Useful information

Stem Cell Therapy - From Step to Step

Stem Cell Therapy - From Step to Step

We are searching data for your request:

Forums and discussions:
Manuals and reference books:
Data from registers:
Wait the end of the search in all databases.
Upon completion, a link will appear to access the found materials.

Both in childhood and adulthood, non-cancerous malignant blood cancers and lymphoid diseases can occur, with the only known cure for stem cell transplantation today.

International data processing has shown that the transplantation of stem cells of other human origin (allogeneic transplantation) or of its own (autologous transplantation) is associated with a number of malignant diseases, severe cancer, and cancer. It may be the first choice of treatment for certain illnesses, but the decision must always be preceded by careful consideration of the condition of the patient, the stage of the disease and the risks of intervention. For allogeneic transplantation, proper donor selection, donor and recipient serological, functional, and molecular HLA reconciliation, medical necessity for the recipient, and the donor are assured.

How do I get accepted?

The patient must be able to be admitted before the implantation of the stem cell. In the case of a suitable donor and recipient, the patient will undergo special treatment (conditioning). The aim of the treatment is to destroy the patient's own blood-forming system and immune system, which makes it suitable for receiving donor cells.
Conditioning treatment varies depending on the underlying disease. In non-malignant diseases, the goal is immunological preparation, i.e., adherence of the donor cell. In malignant diseases, conventional transplantation (conditioning) high-dose chemotherapy that facilitates transplantation may be associated with total body irradiation (TBI) or radiation without radiation. Radiotherapy can also be replaced by high-dose chemotherapy agents. This treatment was based on the hypothesis that bone marrow cell killing (myeloablative) chemotherapy and TBI not only destroy the host's haematopoietic immune system, but also completely eradicate it. However, it has been known that intensive conditioning can lead to damage to the stomach, liver, lungs and heart. As it is considered traditional, high-dose conditioning treatment is therefore recommended only for the treatment of younger patients (<50-55 years), whose vital organs are in good medical condition. Unfortunately, this limitation excludes many patients from the possibility of transplantation treatment.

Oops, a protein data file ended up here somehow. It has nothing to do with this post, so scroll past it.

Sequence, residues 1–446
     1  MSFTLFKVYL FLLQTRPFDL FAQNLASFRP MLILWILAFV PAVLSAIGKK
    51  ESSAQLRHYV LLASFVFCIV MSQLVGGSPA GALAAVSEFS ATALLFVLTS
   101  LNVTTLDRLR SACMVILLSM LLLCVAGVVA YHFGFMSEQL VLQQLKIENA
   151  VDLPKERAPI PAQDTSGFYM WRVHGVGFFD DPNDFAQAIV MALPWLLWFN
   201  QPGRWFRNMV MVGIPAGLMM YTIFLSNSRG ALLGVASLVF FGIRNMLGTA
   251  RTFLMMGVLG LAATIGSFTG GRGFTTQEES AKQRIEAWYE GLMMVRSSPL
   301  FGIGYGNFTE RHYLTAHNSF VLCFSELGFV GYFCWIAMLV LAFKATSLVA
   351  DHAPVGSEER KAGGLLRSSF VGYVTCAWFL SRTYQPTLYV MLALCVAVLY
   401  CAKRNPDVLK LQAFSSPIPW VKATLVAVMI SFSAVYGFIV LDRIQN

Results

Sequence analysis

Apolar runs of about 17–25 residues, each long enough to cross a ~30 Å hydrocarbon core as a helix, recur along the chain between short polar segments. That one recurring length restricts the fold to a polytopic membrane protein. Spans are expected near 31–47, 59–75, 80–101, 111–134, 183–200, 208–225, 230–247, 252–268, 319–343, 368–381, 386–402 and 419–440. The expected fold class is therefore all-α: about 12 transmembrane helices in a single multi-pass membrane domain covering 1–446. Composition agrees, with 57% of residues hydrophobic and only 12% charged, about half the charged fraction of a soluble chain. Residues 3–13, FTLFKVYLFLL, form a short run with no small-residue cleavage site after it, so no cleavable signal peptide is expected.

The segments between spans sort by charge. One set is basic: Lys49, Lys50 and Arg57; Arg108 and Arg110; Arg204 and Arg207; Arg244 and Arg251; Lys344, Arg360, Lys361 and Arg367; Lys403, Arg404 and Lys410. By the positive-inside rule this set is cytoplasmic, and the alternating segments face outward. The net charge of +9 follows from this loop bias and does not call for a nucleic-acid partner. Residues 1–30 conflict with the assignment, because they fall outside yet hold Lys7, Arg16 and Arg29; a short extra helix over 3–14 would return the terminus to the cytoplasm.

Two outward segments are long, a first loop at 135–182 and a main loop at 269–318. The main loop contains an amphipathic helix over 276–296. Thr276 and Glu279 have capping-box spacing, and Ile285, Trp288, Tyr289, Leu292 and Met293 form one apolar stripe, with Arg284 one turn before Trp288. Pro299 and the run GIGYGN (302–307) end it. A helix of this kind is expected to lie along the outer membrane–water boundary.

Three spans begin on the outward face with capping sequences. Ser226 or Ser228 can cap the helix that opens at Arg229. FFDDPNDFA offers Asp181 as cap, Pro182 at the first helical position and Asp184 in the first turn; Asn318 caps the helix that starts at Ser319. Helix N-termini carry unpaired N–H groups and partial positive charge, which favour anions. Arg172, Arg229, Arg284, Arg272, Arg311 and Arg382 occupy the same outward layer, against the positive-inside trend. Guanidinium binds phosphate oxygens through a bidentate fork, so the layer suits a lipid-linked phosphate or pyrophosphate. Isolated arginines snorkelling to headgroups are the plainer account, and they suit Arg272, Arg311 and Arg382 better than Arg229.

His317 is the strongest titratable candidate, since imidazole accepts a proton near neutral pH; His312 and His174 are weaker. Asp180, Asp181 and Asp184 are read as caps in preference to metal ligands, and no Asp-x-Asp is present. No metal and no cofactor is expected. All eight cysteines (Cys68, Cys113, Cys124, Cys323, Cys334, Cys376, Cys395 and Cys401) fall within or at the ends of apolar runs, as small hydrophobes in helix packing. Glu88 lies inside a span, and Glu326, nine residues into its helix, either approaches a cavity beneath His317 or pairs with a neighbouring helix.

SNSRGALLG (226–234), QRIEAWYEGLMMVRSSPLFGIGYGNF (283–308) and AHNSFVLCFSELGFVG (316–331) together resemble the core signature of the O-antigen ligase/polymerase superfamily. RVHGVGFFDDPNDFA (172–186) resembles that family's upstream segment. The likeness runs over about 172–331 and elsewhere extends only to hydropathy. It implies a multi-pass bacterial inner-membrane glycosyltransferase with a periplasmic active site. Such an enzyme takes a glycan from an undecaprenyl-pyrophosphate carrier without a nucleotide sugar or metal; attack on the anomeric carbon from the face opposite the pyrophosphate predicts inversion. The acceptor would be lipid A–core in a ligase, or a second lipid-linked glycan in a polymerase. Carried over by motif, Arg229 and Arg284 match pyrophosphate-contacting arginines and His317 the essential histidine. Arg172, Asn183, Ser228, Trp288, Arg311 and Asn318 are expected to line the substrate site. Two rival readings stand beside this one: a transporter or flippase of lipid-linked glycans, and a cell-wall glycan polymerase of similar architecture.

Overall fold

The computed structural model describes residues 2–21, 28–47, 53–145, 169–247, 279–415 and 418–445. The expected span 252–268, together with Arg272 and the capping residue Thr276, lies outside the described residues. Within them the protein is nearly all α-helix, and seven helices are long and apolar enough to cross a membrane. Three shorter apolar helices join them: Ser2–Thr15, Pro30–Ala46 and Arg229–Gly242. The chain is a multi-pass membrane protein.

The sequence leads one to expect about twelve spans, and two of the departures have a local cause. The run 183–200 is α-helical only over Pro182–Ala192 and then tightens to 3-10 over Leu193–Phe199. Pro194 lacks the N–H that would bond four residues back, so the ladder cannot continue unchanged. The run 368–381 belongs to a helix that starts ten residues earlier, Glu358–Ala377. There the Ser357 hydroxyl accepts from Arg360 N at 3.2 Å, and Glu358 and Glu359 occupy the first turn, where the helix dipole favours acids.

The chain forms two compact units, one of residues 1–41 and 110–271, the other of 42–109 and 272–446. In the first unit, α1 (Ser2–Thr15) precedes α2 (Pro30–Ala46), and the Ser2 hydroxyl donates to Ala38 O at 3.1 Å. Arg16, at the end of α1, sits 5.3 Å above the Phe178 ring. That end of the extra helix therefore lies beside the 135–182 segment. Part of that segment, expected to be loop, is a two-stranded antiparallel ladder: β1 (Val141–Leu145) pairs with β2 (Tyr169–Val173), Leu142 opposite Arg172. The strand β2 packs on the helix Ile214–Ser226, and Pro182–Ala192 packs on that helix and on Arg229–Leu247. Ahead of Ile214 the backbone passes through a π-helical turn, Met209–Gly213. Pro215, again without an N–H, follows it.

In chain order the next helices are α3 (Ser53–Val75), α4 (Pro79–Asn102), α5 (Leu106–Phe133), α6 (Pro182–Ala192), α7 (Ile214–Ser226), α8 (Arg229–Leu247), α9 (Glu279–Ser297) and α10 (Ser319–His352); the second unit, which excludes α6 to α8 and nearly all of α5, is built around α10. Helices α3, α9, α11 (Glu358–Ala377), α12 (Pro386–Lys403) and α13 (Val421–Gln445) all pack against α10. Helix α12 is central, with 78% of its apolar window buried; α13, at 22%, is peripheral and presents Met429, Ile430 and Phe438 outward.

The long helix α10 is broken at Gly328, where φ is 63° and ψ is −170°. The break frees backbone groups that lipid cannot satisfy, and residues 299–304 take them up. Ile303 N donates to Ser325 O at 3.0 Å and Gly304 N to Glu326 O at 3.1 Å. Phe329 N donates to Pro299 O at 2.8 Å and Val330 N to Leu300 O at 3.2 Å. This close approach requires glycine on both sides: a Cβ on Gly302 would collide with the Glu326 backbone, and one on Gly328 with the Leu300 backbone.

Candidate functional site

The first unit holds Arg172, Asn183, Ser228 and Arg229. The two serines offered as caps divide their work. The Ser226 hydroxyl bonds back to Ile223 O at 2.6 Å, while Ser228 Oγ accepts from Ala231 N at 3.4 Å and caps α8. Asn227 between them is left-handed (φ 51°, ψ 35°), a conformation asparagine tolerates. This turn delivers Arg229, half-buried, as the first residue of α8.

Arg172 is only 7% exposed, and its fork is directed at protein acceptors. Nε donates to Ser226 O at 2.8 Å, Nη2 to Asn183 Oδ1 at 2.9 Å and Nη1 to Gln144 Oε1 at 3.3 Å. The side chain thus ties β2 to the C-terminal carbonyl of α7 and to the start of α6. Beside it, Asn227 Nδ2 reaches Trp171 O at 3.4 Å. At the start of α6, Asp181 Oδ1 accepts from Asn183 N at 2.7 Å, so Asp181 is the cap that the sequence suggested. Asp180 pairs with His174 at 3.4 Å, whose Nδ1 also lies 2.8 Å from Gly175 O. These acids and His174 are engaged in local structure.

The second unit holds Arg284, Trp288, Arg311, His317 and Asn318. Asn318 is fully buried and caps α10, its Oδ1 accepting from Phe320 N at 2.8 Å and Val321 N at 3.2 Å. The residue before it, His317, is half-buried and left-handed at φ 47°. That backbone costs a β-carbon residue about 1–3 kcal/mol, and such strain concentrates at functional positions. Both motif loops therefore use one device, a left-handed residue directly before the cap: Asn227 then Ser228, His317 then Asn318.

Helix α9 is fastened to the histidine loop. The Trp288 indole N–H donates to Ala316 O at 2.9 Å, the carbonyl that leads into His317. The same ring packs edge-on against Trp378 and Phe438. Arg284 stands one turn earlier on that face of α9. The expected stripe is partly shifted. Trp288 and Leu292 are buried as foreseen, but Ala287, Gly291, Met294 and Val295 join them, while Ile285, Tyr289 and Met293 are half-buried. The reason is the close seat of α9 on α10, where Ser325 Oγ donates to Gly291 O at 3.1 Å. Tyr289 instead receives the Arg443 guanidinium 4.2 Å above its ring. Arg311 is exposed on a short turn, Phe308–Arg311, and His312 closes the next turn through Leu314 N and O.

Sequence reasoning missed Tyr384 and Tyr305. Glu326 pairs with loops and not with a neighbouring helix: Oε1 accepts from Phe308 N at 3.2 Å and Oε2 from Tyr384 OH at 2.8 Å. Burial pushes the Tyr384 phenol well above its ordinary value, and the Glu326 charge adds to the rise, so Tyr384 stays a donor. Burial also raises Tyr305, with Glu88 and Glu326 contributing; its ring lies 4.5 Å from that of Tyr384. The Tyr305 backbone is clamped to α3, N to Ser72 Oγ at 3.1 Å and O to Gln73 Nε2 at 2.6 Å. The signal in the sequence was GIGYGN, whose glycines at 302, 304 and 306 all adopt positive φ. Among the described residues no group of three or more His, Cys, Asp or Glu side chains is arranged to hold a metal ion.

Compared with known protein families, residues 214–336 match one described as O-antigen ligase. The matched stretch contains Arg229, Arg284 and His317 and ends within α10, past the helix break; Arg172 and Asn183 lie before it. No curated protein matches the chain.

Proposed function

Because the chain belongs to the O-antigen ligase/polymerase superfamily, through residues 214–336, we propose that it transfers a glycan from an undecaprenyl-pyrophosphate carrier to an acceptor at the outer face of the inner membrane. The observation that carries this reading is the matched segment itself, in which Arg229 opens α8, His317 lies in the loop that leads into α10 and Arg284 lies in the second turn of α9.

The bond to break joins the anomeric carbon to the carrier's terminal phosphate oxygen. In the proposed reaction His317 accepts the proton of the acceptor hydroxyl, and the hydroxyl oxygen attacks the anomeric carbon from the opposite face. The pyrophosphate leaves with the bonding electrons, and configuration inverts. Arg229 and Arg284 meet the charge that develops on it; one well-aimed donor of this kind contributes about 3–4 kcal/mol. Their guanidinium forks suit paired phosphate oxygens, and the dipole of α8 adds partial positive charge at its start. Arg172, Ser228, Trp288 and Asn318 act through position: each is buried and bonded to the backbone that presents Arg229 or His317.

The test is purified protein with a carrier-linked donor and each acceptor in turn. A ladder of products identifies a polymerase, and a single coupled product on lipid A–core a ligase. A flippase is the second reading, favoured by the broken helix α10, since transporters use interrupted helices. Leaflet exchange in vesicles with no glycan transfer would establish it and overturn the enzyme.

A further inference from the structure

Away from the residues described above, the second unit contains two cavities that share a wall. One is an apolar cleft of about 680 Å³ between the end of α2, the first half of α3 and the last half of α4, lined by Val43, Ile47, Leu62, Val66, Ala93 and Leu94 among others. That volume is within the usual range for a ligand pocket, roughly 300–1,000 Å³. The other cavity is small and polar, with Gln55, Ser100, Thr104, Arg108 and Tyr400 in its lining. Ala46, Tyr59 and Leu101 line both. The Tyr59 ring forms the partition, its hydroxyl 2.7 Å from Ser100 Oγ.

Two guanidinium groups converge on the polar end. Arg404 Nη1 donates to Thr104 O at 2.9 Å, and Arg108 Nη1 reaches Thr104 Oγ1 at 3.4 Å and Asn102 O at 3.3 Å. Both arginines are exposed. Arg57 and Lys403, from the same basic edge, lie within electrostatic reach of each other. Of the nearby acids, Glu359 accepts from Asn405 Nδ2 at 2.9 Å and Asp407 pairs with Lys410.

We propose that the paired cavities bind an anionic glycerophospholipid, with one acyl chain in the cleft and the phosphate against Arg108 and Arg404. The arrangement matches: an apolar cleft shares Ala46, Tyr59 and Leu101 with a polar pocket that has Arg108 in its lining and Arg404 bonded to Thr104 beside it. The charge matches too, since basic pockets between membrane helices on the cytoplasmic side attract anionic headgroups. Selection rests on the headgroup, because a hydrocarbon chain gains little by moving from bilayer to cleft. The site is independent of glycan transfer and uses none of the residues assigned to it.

Transplantation Treatments That Have Not Completely Destroyed Bone Marrow Imaging

Over the last 6-7 years, clinical trials have focused on non-myeloblastic transplantation treatments that have not completely eradicated bone marrow. The strategy is based on the use of less toxic agents and does not completely eliminate bone marrow imaging. However, this conditioning treatment does not overcome the severe weakening of the immune system as it ensures adherence of the donor cells administered. This is called immunosuppression. In addition to adherence to donor cells, another goal is to kill the underlying disease, which in this case has been repeatedly given, and can be achieved by infections of the same donor from T-lymphocytes. With a less toxic treatment, transplantation can be achieved for those in whom conventional high-dose treatment would cause life-threatening events.